First of all, my curiosity about the CAA document has been properly piqued. I hope your analysis won't be relegated entirely to the ethereal space of your f2f defense! Maybe this is something we can bring up Wednesday night during HoopsMOO (8 p.m. EST at MediaMOO, mediamoo.media.mit..edu 8888). Is CAA's statement on the web?
Regarding the substance of your argument here, I am, as usual, torn between admiration for your judicious and politically astute rhetorical analysis and fear that if let it guide our actions we're somehow complicitous in our own subsumption into a system that is, well, not on our side! What I mean is, identifying and employing the topoi of T/P involves a concession to the discourse of the established order. You argue persuasively that we need to be able to recognize and converse in that discourse if we want to be recognized and accepted by it, if we want to turn the light of its authority upon ourselves that we might bask a bit.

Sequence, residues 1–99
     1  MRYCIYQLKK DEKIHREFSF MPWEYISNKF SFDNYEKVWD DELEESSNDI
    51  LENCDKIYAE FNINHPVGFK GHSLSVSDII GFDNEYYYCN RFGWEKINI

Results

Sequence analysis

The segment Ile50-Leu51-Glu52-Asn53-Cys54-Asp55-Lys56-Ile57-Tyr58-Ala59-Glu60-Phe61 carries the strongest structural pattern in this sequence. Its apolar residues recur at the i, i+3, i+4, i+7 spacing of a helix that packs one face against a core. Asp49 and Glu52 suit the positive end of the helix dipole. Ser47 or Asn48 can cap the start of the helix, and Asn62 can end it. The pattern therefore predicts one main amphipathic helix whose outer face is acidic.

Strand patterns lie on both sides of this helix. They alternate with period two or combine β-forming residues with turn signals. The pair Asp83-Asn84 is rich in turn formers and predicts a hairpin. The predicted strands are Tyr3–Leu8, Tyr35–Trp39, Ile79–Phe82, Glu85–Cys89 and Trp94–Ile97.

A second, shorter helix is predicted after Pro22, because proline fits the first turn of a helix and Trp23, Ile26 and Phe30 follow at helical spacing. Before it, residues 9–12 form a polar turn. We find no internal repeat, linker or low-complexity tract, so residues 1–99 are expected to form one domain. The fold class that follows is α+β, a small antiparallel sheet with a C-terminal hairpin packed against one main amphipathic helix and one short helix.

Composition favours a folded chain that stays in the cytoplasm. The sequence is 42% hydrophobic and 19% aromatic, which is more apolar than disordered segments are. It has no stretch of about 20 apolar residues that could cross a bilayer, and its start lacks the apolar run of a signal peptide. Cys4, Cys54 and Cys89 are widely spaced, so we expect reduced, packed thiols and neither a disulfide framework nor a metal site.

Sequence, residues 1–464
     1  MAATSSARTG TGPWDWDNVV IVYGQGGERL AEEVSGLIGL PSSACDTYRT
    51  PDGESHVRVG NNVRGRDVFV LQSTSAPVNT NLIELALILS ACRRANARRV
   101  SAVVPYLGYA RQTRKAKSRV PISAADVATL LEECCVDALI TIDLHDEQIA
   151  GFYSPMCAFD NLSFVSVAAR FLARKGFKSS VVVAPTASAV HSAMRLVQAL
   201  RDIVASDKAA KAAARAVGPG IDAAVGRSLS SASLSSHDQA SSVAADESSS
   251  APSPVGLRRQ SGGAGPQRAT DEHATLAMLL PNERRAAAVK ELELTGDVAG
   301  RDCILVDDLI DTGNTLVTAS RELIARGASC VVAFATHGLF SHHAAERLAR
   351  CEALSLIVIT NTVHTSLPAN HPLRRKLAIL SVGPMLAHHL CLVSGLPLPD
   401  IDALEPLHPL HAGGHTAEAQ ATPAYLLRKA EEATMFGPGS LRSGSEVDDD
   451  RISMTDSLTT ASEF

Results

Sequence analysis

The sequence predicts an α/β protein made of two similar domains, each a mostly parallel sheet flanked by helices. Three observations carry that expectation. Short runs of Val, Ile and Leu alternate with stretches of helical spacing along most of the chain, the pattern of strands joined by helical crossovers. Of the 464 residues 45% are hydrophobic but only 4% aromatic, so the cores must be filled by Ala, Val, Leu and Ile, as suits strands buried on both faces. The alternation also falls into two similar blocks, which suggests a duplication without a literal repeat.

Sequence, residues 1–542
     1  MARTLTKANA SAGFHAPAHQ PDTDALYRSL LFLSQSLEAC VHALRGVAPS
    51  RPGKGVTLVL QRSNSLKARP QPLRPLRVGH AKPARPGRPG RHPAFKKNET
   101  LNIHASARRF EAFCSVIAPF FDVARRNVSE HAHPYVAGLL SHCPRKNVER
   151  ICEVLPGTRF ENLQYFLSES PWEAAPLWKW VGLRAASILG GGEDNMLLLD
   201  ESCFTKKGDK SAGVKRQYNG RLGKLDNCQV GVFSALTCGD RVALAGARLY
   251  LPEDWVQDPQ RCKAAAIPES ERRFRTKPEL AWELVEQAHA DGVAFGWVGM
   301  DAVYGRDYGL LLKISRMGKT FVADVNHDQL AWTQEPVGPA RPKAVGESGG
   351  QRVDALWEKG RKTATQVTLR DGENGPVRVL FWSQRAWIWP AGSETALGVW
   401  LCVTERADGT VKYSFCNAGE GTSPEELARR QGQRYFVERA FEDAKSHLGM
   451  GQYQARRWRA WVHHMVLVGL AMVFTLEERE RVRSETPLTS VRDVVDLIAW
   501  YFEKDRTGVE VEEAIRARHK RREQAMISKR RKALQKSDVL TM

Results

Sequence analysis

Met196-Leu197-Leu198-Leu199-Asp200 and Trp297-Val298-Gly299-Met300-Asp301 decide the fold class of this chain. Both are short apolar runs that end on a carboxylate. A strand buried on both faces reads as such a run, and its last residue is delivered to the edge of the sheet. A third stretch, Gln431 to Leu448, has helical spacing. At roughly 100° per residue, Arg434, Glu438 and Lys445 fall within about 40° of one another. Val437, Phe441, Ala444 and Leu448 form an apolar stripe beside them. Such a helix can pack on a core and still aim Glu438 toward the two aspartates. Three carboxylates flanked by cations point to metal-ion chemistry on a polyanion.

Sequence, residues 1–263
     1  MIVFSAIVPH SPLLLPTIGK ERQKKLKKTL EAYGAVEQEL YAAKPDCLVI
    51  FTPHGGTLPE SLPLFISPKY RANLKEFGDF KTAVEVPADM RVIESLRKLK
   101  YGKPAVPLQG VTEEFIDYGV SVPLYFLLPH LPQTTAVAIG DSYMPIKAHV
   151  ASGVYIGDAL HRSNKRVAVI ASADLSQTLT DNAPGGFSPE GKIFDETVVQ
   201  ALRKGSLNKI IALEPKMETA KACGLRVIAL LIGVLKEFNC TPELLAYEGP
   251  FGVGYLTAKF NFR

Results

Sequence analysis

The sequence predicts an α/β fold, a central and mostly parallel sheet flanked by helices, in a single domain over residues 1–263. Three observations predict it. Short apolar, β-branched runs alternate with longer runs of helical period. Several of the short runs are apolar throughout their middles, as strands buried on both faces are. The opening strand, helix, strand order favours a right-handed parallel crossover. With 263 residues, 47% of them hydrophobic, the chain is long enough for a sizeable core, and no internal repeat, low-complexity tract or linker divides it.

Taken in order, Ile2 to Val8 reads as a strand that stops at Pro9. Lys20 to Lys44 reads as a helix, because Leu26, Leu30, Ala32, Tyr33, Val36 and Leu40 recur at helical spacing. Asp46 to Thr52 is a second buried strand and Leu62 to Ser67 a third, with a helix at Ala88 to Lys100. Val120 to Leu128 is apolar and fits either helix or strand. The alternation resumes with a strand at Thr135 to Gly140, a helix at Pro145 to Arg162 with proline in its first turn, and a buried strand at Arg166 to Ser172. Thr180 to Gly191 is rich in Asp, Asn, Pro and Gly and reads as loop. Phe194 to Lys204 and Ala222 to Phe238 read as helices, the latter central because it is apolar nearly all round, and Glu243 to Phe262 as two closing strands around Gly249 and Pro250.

Granted. You're right.
But at what cost? Are there other options worth exploring? And wouldn't your rhetorical analysis be just as important to more blatantly subversive (or extrinsic?) efforts? I guess I worry that the power and sense of your argument is subtly dangerous to its own end, if that end is seen as acquiring legitimacy for new forms of scholarship rather than constraining new forms by old conceptions of value.
Can we use the discourse of the master without being mastered?
If we concede that T/P discourses must be employed in order to appease Power, can we sustain the assertion that this concession serves us? or does it serve primarily the established authority structure?
I dunno. It's late. I'm not thinking straight. but these questions nag me whenever we get on the subject of T/P. I'll try again tomorrow to say something useful about this.
Answer to LeFevre